Could there be anything more frustrating to a climate scientist than an educated, seemingly reasonable person declare they don’t believe in climate change?
To me it feels a bit like this:
The science is now overwhelmingly clear on climate change; it is happening and humans are responsible. Yet, in 2013 60% of Australians thought that ‘there are too many conflicting opinions for the public to be sure about climate change’ (The Climate Institute, 2013).
It seems like we are back to the good old science communication problem.
According to a recent study¹, Earth has narrowly missed entering into a new glacial. And the reason why? CO2 levels were too high.
But the CO2 that ‘saved’ us from a rather more icy existence is not the product of the mass burning of fossil fuels you are probably thinking of now. The CO2 we are talking about here was already in the atmosphere before the industrial revolution began (~1850).
Last week the leaders of almost 200 nations came together in Paris for the 21st UNFCCC Conference of Parties. On Saturday, 12 December 2015 these leaders reached an agreement that will signal the end of the use of fossil fuels, with the aim of rapidly replacing coal, oil and gas with clean energy sources worldwide.
Climate change is a global problem that requires all nations to come together to be a part of the solution. Australia equates to 5.15% of the world’s landmasses and 1.3% of greenhouse gas emissions, the 13th largest emitter in the world per capita out of 195 nations.
The 196 parties of the UNFCCC are coming together next week with the aim of stabilizing greenhouse gas concentrations in the atmosphere at a level that will likely keep global warming below 2˚C. Check out my last blog post on COP21 for more information.
Over the course of the past few weeks I have been reading quite a lot about climate all over the news. El Nino and La Nina events have been mentioned on a few occasions. I was always fascinated by these events, even as a kid, when I hadn’t the slightest clue as to what they were (but they do sound cool right?). Later on, as education slowly crept on me, I learned exactly what they were and how they impact the world.
But did I really understand how they ACTUALLY IMPACT the world?
Of course not!
I was born, raised and gained my masters-level education in Croatia, a country that doesn’t directly feel the impacts of either. My Oceanography and Dynamic-Meteorology teachers have put quite an effort to demonstrate the devastating and/or benevolent impacts of El Nino and La Nina events – depending on the part of the world. I had to derive some fearsome equations and was awarded with pictures of drought or floods all over the world, of people moving countries etc. For me personally, this probably meant that the price of some imported fish or seed was going up.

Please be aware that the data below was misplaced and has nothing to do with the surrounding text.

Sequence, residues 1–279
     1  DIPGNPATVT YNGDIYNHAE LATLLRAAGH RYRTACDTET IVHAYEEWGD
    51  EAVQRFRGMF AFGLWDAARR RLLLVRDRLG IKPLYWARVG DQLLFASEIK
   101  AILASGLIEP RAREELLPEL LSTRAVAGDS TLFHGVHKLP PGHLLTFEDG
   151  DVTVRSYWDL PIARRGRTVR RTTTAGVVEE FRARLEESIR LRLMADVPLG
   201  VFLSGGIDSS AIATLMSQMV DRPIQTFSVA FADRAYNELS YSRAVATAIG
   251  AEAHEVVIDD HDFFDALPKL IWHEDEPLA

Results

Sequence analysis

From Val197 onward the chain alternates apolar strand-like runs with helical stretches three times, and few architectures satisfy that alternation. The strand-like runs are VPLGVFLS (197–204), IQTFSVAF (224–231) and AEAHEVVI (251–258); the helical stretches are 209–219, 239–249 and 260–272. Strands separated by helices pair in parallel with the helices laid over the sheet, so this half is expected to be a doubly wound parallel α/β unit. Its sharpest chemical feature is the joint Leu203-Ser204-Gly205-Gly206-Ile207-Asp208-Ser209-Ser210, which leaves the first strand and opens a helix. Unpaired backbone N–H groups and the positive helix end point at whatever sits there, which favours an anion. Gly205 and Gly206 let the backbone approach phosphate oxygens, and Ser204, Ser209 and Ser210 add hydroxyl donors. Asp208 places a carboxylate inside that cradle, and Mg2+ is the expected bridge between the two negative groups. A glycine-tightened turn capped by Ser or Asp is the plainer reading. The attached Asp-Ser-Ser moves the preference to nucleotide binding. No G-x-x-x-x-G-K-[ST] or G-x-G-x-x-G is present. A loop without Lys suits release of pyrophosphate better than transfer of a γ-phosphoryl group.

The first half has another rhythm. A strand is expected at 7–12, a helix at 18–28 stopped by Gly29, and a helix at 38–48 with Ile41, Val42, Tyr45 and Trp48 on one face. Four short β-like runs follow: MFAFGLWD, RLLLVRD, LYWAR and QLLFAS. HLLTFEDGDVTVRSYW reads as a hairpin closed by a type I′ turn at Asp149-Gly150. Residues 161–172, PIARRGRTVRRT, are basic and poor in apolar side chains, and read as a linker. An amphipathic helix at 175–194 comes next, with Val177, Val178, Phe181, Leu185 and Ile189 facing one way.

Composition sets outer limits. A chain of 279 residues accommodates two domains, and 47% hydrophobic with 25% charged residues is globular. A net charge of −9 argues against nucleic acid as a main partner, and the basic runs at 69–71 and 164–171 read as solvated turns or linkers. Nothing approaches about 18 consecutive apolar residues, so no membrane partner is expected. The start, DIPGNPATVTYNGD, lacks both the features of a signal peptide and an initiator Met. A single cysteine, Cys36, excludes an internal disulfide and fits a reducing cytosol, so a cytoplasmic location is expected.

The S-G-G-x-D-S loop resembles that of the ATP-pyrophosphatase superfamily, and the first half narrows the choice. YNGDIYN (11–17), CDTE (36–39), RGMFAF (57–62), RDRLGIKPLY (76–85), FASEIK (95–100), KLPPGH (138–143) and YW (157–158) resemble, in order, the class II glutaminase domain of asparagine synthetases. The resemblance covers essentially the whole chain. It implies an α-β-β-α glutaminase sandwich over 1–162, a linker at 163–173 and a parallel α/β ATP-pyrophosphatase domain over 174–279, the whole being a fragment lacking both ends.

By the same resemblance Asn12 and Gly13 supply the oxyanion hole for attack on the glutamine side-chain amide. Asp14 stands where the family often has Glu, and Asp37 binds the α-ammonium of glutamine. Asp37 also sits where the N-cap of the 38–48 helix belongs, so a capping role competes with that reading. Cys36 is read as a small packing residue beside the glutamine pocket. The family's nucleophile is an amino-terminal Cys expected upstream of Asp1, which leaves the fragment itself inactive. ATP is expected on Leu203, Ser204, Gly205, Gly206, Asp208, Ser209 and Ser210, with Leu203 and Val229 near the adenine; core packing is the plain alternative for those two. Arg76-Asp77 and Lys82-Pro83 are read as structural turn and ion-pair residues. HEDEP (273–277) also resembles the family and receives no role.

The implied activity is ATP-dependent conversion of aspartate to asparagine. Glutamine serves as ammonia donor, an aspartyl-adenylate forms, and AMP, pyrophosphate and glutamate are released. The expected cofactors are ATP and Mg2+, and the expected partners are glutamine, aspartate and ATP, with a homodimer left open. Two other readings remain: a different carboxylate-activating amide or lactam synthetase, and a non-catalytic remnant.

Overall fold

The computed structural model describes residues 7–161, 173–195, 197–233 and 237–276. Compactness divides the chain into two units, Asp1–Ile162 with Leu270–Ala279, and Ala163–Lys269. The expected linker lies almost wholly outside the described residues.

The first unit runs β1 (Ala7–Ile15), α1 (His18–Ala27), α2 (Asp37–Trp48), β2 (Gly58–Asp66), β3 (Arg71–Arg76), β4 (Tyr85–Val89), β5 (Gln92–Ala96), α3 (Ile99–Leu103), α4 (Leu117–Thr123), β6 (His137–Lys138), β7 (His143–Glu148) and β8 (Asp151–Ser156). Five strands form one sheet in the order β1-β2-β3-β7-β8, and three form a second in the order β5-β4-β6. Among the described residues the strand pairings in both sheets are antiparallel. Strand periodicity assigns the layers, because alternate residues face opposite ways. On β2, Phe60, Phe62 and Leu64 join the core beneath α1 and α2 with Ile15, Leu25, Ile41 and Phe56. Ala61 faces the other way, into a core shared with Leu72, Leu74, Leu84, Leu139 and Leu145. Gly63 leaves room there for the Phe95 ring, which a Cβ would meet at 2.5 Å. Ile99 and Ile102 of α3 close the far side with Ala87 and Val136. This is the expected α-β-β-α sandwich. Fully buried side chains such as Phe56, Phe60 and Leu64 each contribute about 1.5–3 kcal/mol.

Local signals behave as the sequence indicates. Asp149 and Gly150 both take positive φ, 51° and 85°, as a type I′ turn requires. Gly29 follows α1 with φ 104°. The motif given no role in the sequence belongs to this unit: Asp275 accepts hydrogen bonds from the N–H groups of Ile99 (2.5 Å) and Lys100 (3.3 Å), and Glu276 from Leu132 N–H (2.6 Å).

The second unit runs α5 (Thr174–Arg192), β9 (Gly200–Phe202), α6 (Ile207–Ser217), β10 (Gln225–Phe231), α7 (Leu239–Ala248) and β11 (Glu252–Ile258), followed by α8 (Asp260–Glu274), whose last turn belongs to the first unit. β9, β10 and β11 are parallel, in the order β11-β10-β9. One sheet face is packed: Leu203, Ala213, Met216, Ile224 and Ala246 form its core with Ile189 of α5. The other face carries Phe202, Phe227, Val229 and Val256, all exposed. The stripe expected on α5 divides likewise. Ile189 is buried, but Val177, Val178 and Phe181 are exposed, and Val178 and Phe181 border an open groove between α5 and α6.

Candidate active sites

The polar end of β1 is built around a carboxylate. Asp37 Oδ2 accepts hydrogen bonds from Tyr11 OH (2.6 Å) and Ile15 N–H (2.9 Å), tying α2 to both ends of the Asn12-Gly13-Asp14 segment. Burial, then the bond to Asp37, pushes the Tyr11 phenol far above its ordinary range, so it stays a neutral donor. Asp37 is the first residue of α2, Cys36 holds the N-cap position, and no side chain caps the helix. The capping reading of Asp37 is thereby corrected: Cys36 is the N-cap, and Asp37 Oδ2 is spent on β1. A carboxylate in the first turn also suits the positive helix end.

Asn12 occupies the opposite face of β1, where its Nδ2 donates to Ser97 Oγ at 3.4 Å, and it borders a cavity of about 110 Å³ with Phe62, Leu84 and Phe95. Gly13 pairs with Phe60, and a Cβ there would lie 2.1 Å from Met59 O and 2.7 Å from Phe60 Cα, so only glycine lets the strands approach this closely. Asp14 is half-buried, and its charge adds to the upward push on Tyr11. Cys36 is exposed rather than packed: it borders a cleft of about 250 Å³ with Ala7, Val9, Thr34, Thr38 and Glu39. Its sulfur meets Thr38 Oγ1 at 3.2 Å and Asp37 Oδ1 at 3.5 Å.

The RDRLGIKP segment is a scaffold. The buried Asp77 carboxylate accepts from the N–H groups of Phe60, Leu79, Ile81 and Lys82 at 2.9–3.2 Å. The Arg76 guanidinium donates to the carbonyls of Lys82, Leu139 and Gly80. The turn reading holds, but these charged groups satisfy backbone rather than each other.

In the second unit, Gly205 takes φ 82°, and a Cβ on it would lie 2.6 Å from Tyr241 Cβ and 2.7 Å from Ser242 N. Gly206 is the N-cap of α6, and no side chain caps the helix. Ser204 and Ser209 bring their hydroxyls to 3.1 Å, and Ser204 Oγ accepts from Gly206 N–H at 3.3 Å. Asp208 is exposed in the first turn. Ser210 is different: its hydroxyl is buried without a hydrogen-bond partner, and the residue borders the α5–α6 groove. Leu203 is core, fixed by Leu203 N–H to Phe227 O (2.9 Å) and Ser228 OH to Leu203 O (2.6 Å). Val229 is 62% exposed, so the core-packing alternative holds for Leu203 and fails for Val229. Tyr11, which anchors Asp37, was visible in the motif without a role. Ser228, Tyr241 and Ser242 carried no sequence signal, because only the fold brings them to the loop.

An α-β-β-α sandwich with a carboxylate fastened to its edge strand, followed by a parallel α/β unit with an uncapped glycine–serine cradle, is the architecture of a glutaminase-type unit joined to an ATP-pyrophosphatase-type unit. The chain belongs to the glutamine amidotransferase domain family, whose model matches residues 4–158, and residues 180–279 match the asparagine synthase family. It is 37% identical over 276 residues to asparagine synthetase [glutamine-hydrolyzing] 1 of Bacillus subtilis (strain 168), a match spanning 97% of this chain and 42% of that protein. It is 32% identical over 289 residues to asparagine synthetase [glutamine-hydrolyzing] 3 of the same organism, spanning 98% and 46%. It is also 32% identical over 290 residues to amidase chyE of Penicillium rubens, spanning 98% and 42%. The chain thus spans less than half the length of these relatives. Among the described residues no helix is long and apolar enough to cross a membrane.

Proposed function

Right now, I live and study in Australia. And it seems, that an El Nino event will come crashing down on my head (and many other heads). And it will finally manifest itself to me in all its power. Probably some prices will go up too.
El Nino is a part of a natural cycle known as El Nino Southern Oscillation (ENSO) that manifests itself in prolonged periods of warming (El Nino) or cooling (La Nina) over the central and eastern Pacific Ocean.
In neutral mode we have the trade winds blowing from east to west across the Pacific, pushing warmer surface waters towards the western Pacific and causing convection in that area. The Central Pacific is kept relatively cool. The thermocline is deeper in the west than in the east. This means, that the ocean temperature gradient is not very steep in the west, which in turn means the water is warmer there.
During the El Nino conditions the trade winds are weakened or even reversed which allows this body of warm water to float further east and cause convection elsewhere. This also levels out the thermocline a bit. Now – without further ado – this means drought in Australia. It means rain and possible floods in Kiribati and Peru.
To me this means – seriously, even warmer summers? And a drought? In a country where water is already an expensive commodity?
Wonderful. I am affected now. Probably some prices will go up to!
Since this is a natural cycle it might prompt some people, like say …
… the government …
…. to deny climate changes. And the current prime minister here is adamant in trying to convince this nation that there is no such thing as man induced climate change.